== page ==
From the age of 21 until her retirement from the screen at 35, Esther Eng (Ng Kam-ha) made five feature-films in America plus five in Hong Kong. Before 1950, she was the most prolific woman filmmaker in the history of Chinese cinema and perhaps its first feminist director.
Esther wanted to see Chinese-American films soar beyond their "Chinatown" base and into mainstream American theatres without sacrificing their cultural roots. In the end, the System defeated her but she remains one of the most remarkable figures of America's "ethnic" cinema.
Jewish cinema offers a parallel since American-made Yiddish films achieved limited but wide distribution throughout Jewish communities in Europe and North America. Likewise, Chinese films circumnavigated the globe, through a diaspora that embraced the "overseas Chinese" in America, the Pacific and Southeast Asia as well as mainland China itself.
Esther's envisaged "crossover" only occurred in 2001 with the world-wide triumph of Ang Lee's Crouching Tiger, Hidden Dragon, the first wholly sub-titled film to enjoy blanket distribution throughout the USA. It earned 10 Academy Award nominations and, ultimately, four Oscars.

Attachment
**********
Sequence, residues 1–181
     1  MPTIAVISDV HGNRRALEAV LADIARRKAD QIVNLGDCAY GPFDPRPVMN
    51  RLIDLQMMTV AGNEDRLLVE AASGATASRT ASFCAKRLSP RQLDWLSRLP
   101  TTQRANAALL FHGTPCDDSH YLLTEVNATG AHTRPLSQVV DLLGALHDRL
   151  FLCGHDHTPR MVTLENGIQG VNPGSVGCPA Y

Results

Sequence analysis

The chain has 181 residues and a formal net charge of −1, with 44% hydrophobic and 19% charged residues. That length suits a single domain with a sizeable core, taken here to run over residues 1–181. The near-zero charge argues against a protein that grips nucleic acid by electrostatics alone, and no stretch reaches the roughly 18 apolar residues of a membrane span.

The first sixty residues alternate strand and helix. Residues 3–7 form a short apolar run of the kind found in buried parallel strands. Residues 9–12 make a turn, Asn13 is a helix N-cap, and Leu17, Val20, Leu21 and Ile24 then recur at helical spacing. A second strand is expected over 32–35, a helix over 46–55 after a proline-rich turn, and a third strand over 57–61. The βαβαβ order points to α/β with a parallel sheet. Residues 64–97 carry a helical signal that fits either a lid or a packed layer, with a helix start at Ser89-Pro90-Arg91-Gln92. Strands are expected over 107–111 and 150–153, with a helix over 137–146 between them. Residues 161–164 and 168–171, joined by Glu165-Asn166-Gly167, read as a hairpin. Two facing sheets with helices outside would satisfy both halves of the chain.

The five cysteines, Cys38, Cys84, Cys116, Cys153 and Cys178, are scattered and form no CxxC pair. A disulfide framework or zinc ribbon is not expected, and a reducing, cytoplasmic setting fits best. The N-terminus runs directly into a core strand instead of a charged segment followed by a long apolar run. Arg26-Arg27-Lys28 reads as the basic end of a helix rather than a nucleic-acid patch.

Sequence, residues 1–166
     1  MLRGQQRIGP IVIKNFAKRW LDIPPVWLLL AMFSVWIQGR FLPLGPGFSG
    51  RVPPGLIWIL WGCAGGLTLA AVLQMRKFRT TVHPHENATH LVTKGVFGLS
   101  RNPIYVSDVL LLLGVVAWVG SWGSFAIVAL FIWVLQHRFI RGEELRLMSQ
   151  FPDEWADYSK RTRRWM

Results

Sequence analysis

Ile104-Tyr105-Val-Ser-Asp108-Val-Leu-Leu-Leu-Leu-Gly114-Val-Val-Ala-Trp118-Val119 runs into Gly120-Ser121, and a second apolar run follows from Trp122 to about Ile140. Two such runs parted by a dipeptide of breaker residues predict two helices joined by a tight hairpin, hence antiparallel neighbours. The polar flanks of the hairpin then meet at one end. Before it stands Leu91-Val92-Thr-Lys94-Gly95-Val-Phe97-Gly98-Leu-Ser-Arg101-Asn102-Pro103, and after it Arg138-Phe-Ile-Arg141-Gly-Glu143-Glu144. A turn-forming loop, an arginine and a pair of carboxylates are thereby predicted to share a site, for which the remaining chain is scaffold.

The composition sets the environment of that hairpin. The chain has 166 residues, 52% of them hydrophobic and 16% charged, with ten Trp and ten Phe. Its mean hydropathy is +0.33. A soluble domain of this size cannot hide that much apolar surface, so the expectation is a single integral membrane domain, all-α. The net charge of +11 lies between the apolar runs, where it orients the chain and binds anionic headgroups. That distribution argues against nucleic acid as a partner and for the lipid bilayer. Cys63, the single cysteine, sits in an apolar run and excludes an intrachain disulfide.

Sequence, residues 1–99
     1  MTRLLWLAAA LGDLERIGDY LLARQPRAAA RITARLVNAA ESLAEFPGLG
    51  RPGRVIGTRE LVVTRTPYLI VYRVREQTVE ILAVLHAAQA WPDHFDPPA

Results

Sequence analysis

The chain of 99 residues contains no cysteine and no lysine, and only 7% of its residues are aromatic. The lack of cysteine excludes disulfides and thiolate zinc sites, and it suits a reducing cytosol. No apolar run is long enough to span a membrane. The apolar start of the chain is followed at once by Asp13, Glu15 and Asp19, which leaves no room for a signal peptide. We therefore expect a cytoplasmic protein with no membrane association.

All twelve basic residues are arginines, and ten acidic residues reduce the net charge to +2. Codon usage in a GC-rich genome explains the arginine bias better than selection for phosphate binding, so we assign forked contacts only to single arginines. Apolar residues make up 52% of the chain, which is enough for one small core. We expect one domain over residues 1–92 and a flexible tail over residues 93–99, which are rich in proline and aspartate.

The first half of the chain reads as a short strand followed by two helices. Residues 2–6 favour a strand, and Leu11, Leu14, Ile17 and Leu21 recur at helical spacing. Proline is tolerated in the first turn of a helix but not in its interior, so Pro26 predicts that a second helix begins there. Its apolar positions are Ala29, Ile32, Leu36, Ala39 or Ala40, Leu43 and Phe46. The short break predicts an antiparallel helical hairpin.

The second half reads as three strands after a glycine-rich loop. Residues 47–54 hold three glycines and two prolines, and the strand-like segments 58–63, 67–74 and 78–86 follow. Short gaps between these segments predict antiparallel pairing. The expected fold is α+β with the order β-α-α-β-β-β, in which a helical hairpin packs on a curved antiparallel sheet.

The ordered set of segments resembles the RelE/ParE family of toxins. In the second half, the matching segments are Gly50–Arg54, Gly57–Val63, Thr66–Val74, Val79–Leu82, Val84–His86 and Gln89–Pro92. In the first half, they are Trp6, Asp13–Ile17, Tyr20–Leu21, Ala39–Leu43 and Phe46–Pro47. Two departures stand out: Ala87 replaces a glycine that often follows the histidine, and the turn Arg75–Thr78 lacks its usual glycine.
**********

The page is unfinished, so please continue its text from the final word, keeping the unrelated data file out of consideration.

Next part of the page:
No brief introduction could adequately describe her active film life let alone her later career as an honoured restaurateur. She merits an undeniable place in the history of world cinema and we simply ask why normally astute film historians have ignored her? God knows she was visible enough.
Ng Kam-ha died in January 1970 in New York. She was interred in San Francisco.
And this is her story.
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For a more detailed biography, see MORE ON EE.
For a list of her films, see FILMOGRAPHY.
Copyright Frank Bren, 2001 and 2010. Site enquiries to Frank via firstname.lastname@example.org Selected images of Esther Eng and stills from her films are reproduced by kind permission of Esther's sister, Sally Ng Kam-ping. others come from Frank Bren's private collection